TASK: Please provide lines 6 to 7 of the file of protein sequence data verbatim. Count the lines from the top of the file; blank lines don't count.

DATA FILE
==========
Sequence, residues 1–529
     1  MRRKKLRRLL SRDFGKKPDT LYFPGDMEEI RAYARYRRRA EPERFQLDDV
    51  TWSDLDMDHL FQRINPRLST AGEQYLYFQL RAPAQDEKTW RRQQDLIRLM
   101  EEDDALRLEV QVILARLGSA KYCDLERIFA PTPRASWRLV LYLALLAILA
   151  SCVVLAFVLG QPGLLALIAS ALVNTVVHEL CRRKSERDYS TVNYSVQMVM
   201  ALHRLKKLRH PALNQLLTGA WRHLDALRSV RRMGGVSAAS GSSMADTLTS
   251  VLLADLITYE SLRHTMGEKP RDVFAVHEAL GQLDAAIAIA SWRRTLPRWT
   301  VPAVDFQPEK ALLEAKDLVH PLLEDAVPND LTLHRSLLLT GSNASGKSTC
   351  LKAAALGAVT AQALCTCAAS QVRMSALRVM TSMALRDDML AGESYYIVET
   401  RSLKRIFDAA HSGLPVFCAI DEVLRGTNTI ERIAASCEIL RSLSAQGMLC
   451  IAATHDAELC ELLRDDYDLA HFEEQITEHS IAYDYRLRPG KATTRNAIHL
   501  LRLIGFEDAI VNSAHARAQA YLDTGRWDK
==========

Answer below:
   201  ALHRLKKLRH PALNQLLTGA WRHLDALRSV RRMGGVSAAS GSSMADTLTS
   251  VLLADLITYE SLRHTMGEKP RDVFAVHEAL GQLDAAIAIA SWRRTLPRWT